The Post-Gazette reviews movies from a family perspective:
Suitable for: 10-year-olds and up.
What you should know: Jennifer Hudson, Forest Whitaker, Angela Bassett, Tyrese Gibson and young Jacob Latimore star in a contemporary adaptation of Langston Hughes' popular play. It combines music and drama as a single mother, facing eviction from her Baltimore home, sends her teenage son to stay with her estranged parents in Harlem.
Language: A couple of stronger uses of heck and darn.
Sexual situations and nudity: None, although there is talk about a long-ago unplanned pregnancy.
Violence/scary situations: A woman and her son are being evicted and have no place to go. A bag is snatched on the street. A boy is mistakenly arrested for robbery and temporarily tossed in jail when trying to return a wallet to its rightful owner. A gun is pointed at someone in a thwarted robbery.
Drug or alcohol use: None.
Suitable for: Kindergarten-age children and older, keeping in mind the roughly 110-minute running time.
What you should know: This is an animated movie, very loosely inspired by Hans Christian Andersen's "The Snow Queen," and featuring the voices of Idina Menzel and Kristen Bell. It's about two sisters, one of whom has magic powers to create snow and ice, and what happens when she accidentally unleashes them.
Sexual situations and nudity: Limited to kissing.
Violence/scary situations: (Spoiler alert) The girls' parents are killed during a voyage, a development conveyed by the draping of their portraits in black cloth. A girl is hurt while playing but recovers. Another later unleashes a torrent of ice and snow and flees after being called a monster. Menace comes from snarling wolves and a giant snowman. Someone is imprisoned. A character appears near death. Plus minor mishaps, such as a mountain man being dragged through the snow.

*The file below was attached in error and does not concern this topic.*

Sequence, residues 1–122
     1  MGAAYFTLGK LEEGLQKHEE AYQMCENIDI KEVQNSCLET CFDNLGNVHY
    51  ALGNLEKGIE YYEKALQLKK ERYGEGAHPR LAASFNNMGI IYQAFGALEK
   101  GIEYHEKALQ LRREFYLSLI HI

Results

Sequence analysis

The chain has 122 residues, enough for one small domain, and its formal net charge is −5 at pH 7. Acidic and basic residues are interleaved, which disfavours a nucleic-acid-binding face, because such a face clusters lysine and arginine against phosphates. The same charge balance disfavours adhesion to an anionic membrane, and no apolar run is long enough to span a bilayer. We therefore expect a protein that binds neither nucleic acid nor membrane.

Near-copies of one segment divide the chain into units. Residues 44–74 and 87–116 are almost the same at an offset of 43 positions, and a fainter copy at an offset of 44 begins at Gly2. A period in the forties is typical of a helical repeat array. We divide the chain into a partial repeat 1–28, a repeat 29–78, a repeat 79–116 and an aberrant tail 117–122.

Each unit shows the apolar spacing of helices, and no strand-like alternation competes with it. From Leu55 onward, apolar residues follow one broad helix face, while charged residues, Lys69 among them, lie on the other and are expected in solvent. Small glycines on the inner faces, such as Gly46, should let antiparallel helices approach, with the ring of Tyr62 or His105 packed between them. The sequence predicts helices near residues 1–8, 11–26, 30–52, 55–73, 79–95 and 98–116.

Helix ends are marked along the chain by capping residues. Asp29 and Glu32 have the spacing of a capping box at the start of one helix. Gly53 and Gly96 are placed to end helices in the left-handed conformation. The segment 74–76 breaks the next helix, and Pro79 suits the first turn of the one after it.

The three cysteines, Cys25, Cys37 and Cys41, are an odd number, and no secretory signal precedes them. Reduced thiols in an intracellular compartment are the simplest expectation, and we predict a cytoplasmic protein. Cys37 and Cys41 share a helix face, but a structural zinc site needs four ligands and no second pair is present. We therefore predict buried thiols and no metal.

Drug or alcohol use: What looks like champagne is served at a party.
'The Book Thief'
Suitable for: Teens and up.
What you should know: This is based on the Markus Zusak novel about a girl, Liesel, sent to live with foster parents in Germany in 1938. The rise of Hitler and World War II creep ever closer and eventually claim lives near and dear.
Language: One or two uses of profanity.
Sexual situations and nudity: None.
Violence/scary situations: Death narrates the story although only sporadically. The girl's brother dies on the train and is buried in a grave near the tracks. Liesel realizes her biological mother is not returning. Her foster mother initially is harsh and highly critical but warms to her. Schoolmates taunt Liesel and call her names because she cannot read. She responds with her fists in one of several scenes where punches are thrown by her or a schoolyard bully.
Events during "The Night of Broken Glass" are briefly dramatized. Liesel's new parents hide a young Jewish man in their home, and everyone constantly worries he will be discovered. A child dives into icy water to retrieve a cherished belonging. A neighbor suspected of being Jewish is hauled away, and a man who defends him is pushed into the street and bangs his head. People huddle in a shelter as bombs explode overhead. In the most disturbing scenes, fiery bombs leave houses in rubble and kill adults and children whose dust-covered bodies are carried to the street.
Drug or alcohol use: An adult is shown drinking.